Improving the health and wellness of the youth population has become a difficult challenge. A new program called Fit Families aims to tackle that.
One of the unique tenets of Fit Families, which is offered to families for free through the New Mexico State University Cooperative Extension service, is its emphasis on improving self-perceptions among its young participants. The program’s organizers believe that if children affected by excess weight or obesity are provided a positive, fun environment rooted in social acceptance, their self-esteem will improve.
Fit Families, which is focused on areas of southern New Mexico that are bereft of resources for overcoming childhood obesity, was recently studied by NMSU researchers to determine its efficacy.
In the study, which was published in the Journal of Nutrition and Behavior (2016; 48 , 392–6.e1), 46 children with excess weight participated in the program for 7 weeks, together with their families or at least one parent. Weekly sessions lasted 2 hours and 45 minutes and included a cooking lesson, a healthy meal, a fun physical activity and a prize for each child and family. Participants (aged 8–17) also received education from a registered dietitian and positivity lessons from a school counselor. Each child completed a self-perception questionnaire at the beginning and end of the trial. Results showed that youth participants’ self-perceptions in relation to physical capacity and appearance improved significantly during the program.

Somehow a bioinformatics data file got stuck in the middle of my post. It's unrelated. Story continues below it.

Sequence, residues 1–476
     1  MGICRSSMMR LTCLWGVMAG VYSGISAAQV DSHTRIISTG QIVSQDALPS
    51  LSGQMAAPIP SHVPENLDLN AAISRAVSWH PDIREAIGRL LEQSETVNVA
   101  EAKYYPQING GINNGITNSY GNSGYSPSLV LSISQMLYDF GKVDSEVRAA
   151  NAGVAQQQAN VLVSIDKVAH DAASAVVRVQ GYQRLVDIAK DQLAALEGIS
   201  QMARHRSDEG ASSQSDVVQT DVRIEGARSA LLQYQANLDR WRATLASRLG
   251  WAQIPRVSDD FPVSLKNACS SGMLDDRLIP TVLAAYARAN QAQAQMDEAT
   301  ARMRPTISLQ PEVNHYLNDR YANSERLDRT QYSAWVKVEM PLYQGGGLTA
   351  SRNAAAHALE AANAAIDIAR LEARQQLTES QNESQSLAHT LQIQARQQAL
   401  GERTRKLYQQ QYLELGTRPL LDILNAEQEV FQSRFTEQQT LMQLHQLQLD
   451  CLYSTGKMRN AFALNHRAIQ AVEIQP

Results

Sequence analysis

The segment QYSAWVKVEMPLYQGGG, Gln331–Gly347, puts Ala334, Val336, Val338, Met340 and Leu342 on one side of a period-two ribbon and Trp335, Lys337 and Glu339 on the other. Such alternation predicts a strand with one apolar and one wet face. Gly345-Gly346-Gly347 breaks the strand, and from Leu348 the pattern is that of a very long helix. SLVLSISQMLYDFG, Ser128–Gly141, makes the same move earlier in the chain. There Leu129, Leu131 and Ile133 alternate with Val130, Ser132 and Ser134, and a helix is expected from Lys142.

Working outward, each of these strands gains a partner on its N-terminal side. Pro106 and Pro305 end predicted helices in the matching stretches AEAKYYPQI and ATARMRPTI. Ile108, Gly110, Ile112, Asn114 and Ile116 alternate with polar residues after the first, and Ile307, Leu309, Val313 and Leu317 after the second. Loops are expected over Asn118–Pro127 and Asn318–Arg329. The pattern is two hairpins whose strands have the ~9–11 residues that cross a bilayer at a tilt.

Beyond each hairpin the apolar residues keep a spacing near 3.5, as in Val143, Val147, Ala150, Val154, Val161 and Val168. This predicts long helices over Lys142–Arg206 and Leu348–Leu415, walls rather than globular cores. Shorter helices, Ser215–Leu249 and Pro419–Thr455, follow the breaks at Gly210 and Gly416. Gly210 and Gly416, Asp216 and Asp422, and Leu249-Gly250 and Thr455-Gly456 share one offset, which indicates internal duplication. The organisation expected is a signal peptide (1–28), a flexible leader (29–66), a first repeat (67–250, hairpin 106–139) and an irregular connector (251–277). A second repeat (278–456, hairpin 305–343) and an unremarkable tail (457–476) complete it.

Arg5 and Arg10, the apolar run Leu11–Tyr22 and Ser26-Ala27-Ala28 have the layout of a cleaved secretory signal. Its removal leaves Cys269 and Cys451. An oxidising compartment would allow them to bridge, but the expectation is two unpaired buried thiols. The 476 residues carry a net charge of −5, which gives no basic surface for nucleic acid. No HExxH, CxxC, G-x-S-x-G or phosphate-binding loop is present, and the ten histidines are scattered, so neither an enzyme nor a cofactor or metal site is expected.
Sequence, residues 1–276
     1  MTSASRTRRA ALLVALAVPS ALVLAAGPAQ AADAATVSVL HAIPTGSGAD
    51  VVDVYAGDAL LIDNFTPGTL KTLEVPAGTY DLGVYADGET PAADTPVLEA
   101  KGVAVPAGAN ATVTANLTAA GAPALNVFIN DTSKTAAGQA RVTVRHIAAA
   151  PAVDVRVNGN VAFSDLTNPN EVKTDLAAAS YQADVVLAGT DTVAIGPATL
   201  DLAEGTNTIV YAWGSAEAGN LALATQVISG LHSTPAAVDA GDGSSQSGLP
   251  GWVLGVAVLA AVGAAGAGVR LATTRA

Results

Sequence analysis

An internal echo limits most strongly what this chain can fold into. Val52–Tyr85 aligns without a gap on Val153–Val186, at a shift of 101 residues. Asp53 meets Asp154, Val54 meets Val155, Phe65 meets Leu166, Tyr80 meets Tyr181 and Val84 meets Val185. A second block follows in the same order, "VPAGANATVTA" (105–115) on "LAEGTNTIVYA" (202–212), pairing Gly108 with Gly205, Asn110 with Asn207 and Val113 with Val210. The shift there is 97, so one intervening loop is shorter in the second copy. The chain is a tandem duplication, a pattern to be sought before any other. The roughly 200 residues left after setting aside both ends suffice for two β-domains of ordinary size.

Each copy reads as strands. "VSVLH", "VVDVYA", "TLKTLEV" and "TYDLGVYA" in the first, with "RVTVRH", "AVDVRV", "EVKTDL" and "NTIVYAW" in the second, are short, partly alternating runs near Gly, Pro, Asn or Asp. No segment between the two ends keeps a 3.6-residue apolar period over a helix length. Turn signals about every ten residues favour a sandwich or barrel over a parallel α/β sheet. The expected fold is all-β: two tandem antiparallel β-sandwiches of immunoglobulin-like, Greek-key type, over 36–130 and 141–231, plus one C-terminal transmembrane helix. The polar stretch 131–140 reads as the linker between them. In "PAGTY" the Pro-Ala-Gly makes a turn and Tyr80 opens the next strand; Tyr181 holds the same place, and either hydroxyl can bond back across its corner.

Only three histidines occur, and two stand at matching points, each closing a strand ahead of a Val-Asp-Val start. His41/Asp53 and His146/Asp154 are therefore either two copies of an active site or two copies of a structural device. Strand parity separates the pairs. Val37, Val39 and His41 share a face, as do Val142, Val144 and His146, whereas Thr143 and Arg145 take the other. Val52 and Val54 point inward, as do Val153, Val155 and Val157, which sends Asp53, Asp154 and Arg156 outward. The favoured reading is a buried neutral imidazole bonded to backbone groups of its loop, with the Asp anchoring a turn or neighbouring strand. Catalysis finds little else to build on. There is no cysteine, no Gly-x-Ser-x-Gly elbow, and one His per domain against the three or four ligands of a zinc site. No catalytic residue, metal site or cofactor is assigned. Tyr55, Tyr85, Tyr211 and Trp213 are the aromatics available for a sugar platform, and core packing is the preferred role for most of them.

“Fit Families provides a holistic approach to weight management that promotes positive self-perception, which may decrease the burden of depression, anxiety, and low self-esteem obese youth face,” the authors wrote.
To learn more about the program, visit